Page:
Every week, Our Town will celebrate our 45th anniversary by profiling a neighborhood business that has been around longer than we have. Know of a local business that should be on our list? Email us at email@example.com
In 1896, the New York City subway system was eight years from operation, Grover Cleveland was president, and Wankel’s Hardware opened for business on Third Ave and 88th Street.
One hundred and nineteen years later, Wankel’s is still family-owned and keeping locals supplied with tools, coffee makers, keys, and just about everything else. “In 1896, we were surrounded by mostly farmland and sold a lot of farming equipment and tools,” said Sean Wankel, 32. Now, of course, most of their clientele come from residential buildings, and the biggest-selling items shouldn’t surprise: air conditioners, light bulbs, and picture hangers.
Electric fans and beach balls fill one front window, while the other features a pyramid of 15 Black and Decker cordless drills and a sign which reads “29.99”. Inside, the aisles are filled with the usual hardware store mix of gardening tools and potting soil stationed right across from a variety of vacuum bags. One particular shelf has mushroom bags and garlic keepers hanging mere inches from lingerie bags and laundry bags.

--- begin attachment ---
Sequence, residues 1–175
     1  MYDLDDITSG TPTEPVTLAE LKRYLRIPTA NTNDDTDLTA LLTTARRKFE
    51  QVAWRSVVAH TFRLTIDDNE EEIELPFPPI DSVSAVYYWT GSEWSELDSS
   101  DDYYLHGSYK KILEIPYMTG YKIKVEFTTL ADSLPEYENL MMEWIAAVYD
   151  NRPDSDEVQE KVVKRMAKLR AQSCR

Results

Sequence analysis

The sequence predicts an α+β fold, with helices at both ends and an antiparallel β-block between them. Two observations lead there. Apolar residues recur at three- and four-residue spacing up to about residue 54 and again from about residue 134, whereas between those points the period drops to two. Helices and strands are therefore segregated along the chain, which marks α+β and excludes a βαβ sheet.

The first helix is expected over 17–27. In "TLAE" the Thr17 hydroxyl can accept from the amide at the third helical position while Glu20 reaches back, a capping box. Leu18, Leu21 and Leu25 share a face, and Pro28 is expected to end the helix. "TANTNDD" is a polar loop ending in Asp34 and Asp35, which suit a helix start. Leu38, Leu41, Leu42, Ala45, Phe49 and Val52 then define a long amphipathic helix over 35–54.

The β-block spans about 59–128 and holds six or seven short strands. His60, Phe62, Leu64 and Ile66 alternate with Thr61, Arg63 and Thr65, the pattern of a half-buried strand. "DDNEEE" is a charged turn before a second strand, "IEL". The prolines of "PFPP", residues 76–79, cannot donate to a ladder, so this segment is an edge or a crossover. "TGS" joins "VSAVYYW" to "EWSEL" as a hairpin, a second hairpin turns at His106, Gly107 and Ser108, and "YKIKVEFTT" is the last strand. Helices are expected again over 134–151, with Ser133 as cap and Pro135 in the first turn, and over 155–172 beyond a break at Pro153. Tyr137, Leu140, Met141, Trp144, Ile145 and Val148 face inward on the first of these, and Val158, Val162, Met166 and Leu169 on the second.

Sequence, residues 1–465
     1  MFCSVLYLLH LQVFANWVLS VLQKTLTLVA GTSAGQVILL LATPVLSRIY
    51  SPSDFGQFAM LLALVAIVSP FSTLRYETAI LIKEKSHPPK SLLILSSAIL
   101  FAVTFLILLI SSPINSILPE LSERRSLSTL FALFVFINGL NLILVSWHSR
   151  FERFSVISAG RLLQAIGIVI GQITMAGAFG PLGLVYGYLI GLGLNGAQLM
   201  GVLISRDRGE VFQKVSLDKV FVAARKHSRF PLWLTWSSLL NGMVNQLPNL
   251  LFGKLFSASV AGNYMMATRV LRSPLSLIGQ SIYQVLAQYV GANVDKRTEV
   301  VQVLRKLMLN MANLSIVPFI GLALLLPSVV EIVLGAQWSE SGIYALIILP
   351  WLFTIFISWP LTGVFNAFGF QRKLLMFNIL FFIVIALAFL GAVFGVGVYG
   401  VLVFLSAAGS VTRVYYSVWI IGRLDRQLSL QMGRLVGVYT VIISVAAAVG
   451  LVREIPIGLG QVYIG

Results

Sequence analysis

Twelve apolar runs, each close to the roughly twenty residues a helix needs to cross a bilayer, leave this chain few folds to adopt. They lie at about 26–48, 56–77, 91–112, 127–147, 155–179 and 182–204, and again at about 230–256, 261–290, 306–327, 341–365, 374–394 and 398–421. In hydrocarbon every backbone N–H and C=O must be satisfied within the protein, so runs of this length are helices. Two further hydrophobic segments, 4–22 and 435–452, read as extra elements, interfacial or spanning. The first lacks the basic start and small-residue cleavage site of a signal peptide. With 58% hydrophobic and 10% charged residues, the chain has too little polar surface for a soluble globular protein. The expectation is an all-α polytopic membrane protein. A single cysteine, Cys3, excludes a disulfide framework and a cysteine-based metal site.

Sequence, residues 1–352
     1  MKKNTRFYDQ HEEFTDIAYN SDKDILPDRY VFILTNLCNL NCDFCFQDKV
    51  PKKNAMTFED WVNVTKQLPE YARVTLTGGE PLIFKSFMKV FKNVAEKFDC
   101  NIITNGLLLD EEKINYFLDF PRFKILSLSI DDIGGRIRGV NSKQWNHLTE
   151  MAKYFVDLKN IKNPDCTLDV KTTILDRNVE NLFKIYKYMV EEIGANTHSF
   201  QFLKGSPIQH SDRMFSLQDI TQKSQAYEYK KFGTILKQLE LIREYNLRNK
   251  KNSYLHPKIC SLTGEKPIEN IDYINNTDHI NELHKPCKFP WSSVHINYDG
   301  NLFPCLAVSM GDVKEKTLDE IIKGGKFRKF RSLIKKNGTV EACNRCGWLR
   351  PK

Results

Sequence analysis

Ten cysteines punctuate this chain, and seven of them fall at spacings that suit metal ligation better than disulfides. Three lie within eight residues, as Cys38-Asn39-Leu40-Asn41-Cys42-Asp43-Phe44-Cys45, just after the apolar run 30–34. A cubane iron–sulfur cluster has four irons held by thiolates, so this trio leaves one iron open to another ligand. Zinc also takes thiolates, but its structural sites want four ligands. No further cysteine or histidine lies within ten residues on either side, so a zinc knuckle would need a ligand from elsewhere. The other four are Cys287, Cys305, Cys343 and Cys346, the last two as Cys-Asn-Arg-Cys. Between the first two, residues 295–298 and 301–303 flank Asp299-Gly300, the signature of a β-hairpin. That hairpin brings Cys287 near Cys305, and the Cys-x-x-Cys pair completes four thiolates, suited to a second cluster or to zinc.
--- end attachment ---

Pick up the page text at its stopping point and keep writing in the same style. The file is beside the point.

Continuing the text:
“It’s nice to walk into a store and have someone offer to help,” said Donny Moss, a film maker and longtime neighbor and supporter of the store. “You don’t get that in big chain stores.”
With so many independent businesses closing shop, what does Wankel attribute for its success? “We have thrived these years by continuing to listen to the changing needs of our customers… From farm supplies in the late 1800’s, beer pails during the beer craze a few decades later, to all the light bulbs, cleaning, and paint supplies that the neighborhood needs today,” Wankel said.
Wankel, who has been vice president since 2009, is most proud of his family’s hiring practices. Led by president and owner (and Wankel’s aunt) Katherine Wankel, most of the store employees are hired via the International Rescue Committee, through the United Nations. “We hire people seeking political asylum and are so pleased that many have left us for very successful careers,” Sean Wankel says. He points to Van Tran, from Vietnam, who worked at the store from 1998-2004 and is now a professor of sociology at Columbia University.
Sean Wankel, who sees customers who’ve known him his entire life, is excited for the store’s future: “The main thing that we want for the future is the continued privilege of serving our wonderful neighbors of the Upper East Side,” he said. “To continue to be a part of this great community.”